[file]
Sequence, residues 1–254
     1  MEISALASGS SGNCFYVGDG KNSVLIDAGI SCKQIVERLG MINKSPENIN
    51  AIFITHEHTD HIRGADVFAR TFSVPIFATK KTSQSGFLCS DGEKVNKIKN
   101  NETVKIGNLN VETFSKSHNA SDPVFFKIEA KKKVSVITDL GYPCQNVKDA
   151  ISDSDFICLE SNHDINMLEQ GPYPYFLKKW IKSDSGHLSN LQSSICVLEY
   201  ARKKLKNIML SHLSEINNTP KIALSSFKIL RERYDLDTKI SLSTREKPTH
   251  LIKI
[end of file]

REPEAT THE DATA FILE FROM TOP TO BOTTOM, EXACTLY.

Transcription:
Sequence, residues 1–254
     1  MEISALASGS SGNCFYVGDG KNSVLIDAGI SCKQIVERLG MINKSPENIN
    51  AIFITHEHTD HIRGADVFAR TFSVPIFATK KTSQSGFLCS DGEKVNKIKN
   101  NETVKIGNLN VETFSKSHNA SDPVFFKIEA KKKVSVITDL GYPCQNVKDA
   151  ISDSDFICLE SNHDINMLEQ GPYPYFLKKW IKSDSGHLSN LQSSICVLEY
   201  ARKKLKNIML SHLSEINNTP KIALSSFKIL RERYDLDTKI SLSTREKPTH
   251  LIKI